Obviously, not all GI (Gastro Intestinal) problems are caused by stress, but I would bet that most are made worse by stress. I've known I have a nervous stomach since I was a child, probably before I got out of the single digits. Since being sick is in itself stressful, there's a negative feedback loop, that for many people with ulcers or inflammations in the intestines will send them in a downward spiral. As I studied up about intestinal problems on the web, I found that the two "IB" groups were often confused. IBD stands for Inflammatory Bowel Disease, which includes problems that can be tested for, like colitis and Crohn's. IBS stands for Irritable Bowel Syndrome, which includes problems that can't be diagnosed, and which doctors therefore group into IBS rather than saying "I don't know." IBS is closely associated with stress, with some researchers believing it's basically a brain/body communication problem. What both groups share is that the diseases or syndromes, take your pick, aren't usually curable. If you go to a surgeon, you may end up with surgery, and that may relieve some of the symptoms, but the idea that removing your colon is a cure for a colon condition is an abuse of language. Self diagnosis may not lead me to a cure, and if I miss something major, I could end up worse off. But the alternative is being sick, as opposed to just having stomach problems. I've seen too many people take on the "I'm sick and therefore I'm special" mindset and let it run their lives, for me to be tempted to go that route myself.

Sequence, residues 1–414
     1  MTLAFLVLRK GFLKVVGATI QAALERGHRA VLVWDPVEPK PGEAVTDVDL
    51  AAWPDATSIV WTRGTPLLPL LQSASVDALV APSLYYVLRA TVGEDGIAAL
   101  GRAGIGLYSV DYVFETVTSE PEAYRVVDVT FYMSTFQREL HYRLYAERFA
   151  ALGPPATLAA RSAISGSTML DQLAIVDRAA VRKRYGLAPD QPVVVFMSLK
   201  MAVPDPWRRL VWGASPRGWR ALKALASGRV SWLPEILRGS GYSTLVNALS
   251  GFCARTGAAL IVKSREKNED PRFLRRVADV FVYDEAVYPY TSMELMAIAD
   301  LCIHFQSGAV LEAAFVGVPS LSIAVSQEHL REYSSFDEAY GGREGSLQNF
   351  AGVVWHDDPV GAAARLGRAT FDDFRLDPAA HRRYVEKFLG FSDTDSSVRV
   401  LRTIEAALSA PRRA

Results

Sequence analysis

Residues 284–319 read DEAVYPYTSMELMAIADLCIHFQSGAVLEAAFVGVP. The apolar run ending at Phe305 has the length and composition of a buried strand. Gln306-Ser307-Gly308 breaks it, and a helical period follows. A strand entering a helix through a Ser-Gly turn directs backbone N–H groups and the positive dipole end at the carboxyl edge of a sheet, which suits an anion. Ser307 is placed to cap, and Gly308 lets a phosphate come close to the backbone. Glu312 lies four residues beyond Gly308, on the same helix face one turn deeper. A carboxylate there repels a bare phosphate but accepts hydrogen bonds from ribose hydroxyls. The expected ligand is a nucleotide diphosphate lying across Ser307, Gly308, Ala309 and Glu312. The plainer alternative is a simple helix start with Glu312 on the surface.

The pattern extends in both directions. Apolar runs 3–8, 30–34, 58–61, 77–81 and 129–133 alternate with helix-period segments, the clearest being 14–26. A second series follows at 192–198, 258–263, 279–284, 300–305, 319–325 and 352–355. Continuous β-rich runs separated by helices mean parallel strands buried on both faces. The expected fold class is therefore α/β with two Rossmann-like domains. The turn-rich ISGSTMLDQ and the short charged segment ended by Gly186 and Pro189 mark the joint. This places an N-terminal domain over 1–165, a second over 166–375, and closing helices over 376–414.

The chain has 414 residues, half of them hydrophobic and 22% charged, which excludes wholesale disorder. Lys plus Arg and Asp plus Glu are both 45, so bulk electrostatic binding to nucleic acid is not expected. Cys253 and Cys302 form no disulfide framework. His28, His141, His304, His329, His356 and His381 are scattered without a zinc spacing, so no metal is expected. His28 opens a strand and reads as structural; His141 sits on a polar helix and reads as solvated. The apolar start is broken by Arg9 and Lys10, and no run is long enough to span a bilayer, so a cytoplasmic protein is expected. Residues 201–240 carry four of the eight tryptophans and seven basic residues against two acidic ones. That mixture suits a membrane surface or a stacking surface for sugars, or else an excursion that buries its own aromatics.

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Do you suffer from diarrhea and the mad dash for a toilet? There's diarrhea and then there's serious diarrhea. Diarrhea that results from food poisoning or some stomach bug and then clears up like it never happened is part of life. Diarrhea that occurs regularly is always a problem, for quality of life if nothing else. I stopped eating in restaurants for a decade or more after a couple incidents of diarrhea that had me running from the table in the middle of a meal to spend fifteen minutes in the bathroom as my colon turned itself inside out. I find it pretty intolerable to be stuck in situations where the people I'm with feel they have to check up on me to see if I'm OK, even family, so I just stopped eating out. Diarrhea is largely caused by the muscles around the large intestine pushing the refuse through too quickly, so the liquid doesn't get absorbed. The trick for self diagnosis is figuring out why your digestive system is dumping the colon in a hurry, and it could be due to anything from an inflammation of the large intestine to the brain sending the wrong instructions.